Friday, November 9, 2012

"Greece Drinks the Hemlock!" - NYT

"Greece Drinks the Hemlock" is the title of the NYT-editorial on the passing of austerity measures. I consider the following sentence as the most important one:

"Greece cannot pay off its debts when it is shutting down its economy. It has to put people back to work". 

And the sentence following the above I consider the most questionable one:

"The only way forward is through more debt write-offs and more low-interest European loans, as well as by opening up restricted job markets". 

Even if all of Greece's debt were forgiven, it wouldn't change much in the functioning of the Greek economy. If all restricted job markets were opened up overnight, it might change something but I would only believe it when I saw it.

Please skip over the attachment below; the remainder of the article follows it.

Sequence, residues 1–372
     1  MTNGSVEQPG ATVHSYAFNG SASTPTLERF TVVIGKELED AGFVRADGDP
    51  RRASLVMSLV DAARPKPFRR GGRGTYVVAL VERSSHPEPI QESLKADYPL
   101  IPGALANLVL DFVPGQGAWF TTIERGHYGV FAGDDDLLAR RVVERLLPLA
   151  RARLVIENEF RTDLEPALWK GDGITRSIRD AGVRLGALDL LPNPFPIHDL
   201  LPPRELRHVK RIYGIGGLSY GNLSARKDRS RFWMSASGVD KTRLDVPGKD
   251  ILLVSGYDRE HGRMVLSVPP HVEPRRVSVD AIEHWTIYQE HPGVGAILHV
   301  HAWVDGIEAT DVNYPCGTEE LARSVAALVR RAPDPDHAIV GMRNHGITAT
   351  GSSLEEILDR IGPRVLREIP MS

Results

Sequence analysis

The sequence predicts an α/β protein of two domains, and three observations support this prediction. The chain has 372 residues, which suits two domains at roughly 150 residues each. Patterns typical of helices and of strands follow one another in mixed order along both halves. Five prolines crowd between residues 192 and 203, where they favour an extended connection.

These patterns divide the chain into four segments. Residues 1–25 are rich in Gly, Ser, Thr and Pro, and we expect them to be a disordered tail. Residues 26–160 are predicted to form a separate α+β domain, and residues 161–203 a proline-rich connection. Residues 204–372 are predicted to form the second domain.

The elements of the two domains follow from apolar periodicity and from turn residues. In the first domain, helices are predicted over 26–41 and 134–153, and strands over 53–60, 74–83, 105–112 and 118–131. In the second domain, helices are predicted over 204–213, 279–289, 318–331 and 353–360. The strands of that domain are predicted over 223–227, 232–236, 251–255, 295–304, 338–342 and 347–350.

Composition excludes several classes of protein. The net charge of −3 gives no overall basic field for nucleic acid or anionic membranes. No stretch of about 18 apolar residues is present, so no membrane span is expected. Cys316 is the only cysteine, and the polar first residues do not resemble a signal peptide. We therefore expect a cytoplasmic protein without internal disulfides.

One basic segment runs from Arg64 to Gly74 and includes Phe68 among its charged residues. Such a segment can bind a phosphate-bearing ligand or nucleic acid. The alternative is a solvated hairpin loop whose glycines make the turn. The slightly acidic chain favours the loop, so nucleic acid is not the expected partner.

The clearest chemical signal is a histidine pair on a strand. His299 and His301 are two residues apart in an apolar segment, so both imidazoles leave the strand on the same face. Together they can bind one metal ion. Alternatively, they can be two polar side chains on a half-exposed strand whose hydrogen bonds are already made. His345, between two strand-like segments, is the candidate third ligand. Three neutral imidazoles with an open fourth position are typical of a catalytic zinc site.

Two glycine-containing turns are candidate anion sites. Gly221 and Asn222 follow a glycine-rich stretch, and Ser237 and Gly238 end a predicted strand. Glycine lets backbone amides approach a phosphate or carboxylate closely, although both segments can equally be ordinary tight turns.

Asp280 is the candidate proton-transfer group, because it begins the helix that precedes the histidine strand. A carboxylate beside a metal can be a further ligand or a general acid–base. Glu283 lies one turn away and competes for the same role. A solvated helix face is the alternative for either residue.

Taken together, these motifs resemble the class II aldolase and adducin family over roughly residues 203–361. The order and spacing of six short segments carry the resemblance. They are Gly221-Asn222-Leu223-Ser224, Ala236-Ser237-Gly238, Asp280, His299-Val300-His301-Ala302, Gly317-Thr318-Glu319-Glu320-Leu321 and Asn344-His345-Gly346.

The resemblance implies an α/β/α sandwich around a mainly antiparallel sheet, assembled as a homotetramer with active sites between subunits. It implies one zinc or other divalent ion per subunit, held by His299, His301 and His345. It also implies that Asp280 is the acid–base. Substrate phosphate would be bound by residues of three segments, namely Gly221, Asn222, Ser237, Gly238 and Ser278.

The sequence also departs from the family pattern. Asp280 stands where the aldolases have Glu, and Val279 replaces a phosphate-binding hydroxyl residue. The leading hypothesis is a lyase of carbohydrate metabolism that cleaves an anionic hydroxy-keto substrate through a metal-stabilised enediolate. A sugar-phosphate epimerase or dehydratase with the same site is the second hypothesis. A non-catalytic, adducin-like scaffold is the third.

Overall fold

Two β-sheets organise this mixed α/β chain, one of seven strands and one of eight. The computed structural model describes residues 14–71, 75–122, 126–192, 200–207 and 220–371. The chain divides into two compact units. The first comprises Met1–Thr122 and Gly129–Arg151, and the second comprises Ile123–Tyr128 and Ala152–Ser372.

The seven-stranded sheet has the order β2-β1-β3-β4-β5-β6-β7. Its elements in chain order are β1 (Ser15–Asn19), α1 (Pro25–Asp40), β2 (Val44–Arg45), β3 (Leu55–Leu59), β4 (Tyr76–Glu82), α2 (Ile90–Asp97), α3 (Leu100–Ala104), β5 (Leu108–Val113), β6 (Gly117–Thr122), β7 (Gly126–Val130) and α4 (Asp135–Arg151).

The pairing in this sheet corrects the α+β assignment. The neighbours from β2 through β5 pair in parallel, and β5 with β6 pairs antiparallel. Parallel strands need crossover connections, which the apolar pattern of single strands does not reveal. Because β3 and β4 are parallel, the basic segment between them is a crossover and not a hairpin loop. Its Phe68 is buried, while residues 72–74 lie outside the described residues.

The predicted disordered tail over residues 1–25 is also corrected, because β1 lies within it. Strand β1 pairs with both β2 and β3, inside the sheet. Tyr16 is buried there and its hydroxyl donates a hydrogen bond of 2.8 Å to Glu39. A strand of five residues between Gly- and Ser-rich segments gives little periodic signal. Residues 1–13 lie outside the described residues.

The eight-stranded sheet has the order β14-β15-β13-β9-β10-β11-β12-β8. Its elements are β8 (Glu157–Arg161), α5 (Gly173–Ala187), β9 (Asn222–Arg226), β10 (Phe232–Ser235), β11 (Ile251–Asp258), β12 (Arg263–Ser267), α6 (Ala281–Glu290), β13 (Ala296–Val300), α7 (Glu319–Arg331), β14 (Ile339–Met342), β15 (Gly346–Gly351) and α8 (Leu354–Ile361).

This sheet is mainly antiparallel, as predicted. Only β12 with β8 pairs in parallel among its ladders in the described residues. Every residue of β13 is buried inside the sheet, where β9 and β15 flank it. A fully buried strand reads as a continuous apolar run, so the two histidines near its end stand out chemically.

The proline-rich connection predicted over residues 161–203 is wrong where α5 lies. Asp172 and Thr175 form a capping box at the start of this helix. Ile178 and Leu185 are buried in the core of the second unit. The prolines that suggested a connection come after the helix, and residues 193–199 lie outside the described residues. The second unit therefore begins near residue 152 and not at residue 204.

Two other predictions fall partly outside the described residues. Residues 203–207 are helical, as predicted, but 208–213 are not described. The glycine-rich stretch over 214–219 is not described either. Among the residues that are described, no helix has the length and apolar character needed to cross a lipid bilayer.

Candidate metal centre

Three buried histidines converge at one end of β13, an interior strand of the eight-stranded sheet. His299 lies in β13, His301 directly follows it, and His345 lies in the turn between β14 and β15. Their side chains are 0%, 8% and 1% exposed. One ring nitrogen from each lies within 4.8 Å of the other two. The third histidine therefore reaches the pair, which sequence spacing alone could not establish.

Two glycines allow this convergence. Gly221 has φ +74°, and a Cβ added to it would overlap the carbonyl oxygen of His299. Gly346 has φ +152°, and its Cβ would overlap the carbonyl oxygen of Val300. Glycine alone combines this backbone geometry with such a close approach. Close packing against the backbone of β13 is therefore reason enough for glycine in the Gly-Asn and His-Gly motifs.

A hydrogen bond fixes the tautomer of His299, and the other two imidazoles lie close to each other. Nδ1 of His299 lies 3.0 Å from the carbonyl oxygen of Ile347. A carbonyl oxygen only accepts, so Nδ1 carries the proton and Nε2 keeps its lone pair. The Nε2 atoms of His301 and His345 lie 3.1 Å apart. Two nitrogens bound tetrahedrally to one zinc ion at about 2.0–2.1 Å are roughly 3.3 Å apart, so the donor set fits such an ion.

Either way, the Greek economy would continue to be an economy which does not generate enough value to justify the standard of living which Greeks justifyably desire. There simply is not enough domestic production to satisfy a greater portion of domestic demand (making horrendous imports necessary and underutilizing domestic resources) and there certainly is not enough domestic production to generate the amount of exports necessary to justify the desired imports. And with all that underutilization of resources, chronic unemployment cannot be avoided.

Thus, I return to the 'early promising signals' which I have described in a previous post. A better future for Greece can be expected when the following sentiments are felt throughout Greek society:

* an obsession with import substitution
* an obsession with export expansion
* an obsession with making tourism/shipping competitive